How to Compute 13th Month Pay: A Comprehensive Guide for Employers

Resources & Tools
November 23, 2023

For business owners, understanding the intricacies of employee compensation and taxation is crucial to maintain a well-functioning and compliant workforce. It ensures that their employees are fairly compensated while also meeting their legal obligations.

One key aspect of employee compensation in the Philippines is the 13th month pay. In this article, we’ll discuss how to compute 13th month pay, when 13th month pay is given in the Philippines, the 13th month pay law, and other important things employers need to know.

What is 13th Month Pay?

The 13th month pay is an employee monetary benefit mandated by the Philippine government under Presidential Decree No. 851. All private employers are required to provide this benefit to rank-and-file employees at the end of each year — and no later than December 24.

The 13th month pay should not be less than one-twelfth (1/12) of the total basic salary earned by an employee within the calendar year. This is according to the Department of Labor and Employment (DOLE) Labor Advisory No. 25, Series of 2023.

Who is entitled to 13th Month Pay?

Every rank-and-file employee in the private sector has a right to receive a 13th month pay as long as they have worked in the company for at least one (1) month within the calendar year. This benefit applies regardless of position, designation, and employment status, and irrespective of the method by which their salary is paid. Thus, rank-and-file employees paid on a piece-rate basis, fixed or guaranteed wage plus commission, those with multiple employers, resigned employees, terminated employees, and employees on maternity leave shall also receive a 13th month pay.

Who is not eligible for 13th Month Pay?

Not all employees are entitled to the 13th month pay. Government employees, employees in private subsidiaries of the government, and those working in government-owned and controlled corporations (GOCCs) are typically excluded from this benefit. This is due to different compensation structures and bonus schemes that apply to the public sector.

Other exemptions for 13th month pay include:

  • commission-based employees
  • boundary-based or task-based employees
  • freelancers
  • contractual workers
  • household helpers and persons in personal service,
  • other employees who are paid a fixed amount for specific work

While managers are also exempt from 13th month pay, some employers still pay out this benefit.

While managers are exempt from 13th month pay, some employers still pay out this benefit.

When is the 13th month pay given?

Employees must receive 13th month pay on or before December 24 of each year. Employers are not allowed to make requests and applications for an exemption or deferment.

How to Compute 13th Month Pay

As per DOLE, the 13th month pay should not be less than one-twelfth (1/12) of the total basic salary earned by an employee within the calendar year. Thus, to get the 13th month pay computation, just follow this basic formula:

13th Month Pay Formula
Total Basic Salary Earned During the Year ÷ 12 months

If an employee receives the same amount of monthly basic salary (excluding allowances, overtime pay, and other benefits), you can compute their total basic salary for the year with this formula:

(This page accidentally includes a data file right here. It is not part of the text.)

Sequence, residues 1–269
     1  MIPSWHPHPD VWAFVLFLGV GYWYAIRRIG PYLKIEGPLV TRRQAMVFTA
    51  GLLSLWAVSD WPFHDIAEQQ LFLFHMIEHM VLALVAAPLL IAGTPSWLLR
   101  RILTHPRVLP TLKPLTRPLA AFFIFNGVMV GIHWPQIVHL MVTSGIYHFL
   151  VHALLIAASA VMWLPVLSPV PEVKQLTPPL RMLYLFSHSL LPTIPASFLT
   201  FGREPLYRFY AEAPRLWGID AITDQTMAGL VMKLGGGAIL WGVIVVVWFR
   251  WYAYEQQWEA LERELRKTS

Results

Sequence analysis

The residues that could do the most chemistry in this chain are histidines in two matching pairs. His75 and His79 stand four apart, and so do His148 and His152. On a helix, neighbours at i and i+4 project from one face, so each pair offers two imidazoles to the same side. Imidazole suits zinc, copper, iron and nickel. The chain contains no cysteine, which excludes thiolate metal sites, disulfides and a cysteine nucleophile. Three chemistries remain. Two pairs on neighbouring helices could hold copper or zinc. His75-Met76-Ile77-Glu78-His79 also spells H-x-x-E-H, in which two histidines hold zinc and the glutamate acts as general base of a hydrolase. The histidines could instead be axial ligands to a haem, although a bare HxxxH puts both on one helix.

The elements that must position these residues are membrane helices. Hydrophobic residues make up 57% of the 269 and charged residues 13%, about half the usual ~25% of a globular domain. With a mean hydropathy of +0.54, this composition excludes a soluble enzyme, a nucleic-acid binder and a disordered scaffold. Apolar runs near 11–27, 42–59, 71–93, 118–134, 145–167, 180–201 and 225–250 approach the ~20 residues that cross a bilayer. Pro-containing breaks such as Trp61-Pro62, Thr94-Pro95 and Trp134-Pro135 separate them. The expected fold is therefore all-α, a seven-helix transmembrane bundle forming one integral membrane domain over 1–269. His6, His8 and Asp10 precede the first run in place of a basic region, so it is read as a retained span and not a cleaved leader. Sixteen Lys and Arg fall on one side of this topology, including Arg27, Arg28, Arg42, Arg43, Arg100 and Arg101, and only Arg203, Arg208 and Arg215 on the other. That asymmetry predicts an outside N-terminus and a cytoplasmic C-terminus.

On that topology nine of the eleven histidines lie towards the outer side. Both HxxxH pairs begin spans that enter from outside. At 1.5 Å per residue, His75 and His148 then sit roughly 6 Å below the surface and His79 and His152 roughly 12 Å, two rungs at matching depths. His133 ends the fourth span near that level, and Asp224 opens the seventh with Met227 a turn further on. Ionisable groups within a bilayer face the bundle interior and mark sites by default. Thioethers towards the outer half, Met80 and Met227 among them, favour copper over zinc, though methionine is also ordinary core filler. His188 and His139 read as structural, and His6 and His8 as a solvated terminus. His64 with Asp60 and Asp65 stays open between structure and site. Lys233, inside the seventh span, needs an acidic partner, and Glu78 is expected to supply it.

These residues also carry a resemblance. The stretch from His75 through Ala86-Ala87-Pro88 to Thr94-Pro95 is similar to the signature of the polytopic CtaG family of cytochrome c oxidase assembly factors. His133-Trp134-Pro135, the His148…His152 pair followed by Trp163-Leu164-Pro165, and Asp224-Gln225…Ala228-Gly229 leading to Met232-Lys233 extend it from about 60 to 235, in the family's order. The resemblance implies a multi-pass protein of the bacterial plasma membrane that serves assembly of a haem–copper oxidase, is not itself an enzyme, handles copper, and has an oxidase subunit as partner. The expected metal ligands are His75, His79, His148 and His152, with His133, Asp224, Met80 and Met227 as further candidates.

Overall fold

Monthly basic salary x months worked

Example 1: How to compute 13th Month Pay for 12 months

Employee A, who has been in the company since 2022, earns a monthly basic salary of ₱20,000. To compute their 13th month pay:

₱20,000 x 12 months = ₱240,000
₱240,000 ÷ 12 = ₱20,000

Thus, Employee A's 13th month pay would be ₱20,000.

Example 2. How to compute Prorated 13th Month Pay

In situations where an employee has not worked for the entire year, a pro-rated 13th month pay is computed. This is often the case with employees who joined mid-year or resigned before the year's end. A pro-rated 13th month pay simply means that the computation will be based on the number of months in which they worked.

For example: Employee B earns ₱20,000 monthly. He started in July and worked for 6 months. To compute their 13th month pay:

₱20,000 × 6 months = ₱120,000
₱120,000 ÷ 12 = ₱12,000

Thus, Employee B's 13th month pay would be ₱12,000.

For an automated calculation, you can also use a 13th month pay calculator. This calculator also shows the taxable portion of the 13th month pay.

Employees must receive their 13th month pay by December 24 to serve as financial assistance over the holidays.

How does DOLE enforce 13th month pay for employers?

The DOLE Regional/Field/Provincial Office with jurisdiction over the workplace shall monitor all employers’ compliance with the 13th month pay.

More importantly, employers are required to file a compliance report with the DOLE Establishment Report portal at The report must be made no later than January 15, 2024.

The report must also have these details:

  1. Name of establishment
  2. Address
  3. Principal product or business
  4. Total employment
  5. Total number of workers benefitted
  6. Amount granted per employee
  7. Total amount of benefits granted
  8. Name, position, and telephone number of the person making the report.

What happens if an employer cannot provide 13th month pay?

Employers that fail to pay 13th month will face administrative action from DOLE. Thus, the department urges employers with difficulties in complying to seek assistance from DOLE.

Another option for employers is to explore other financing sources. For businesses with unpredictable cash flow, or business owners who simply want to be prepared for unexpected cash flow gaps, a credit line can serve as a standby financing option. Alternatively, employers can also get a business loan from DTI or Small Business Corporation, which offer reasonable interest rates and simpler application requirements to better assist small and medium enterprises.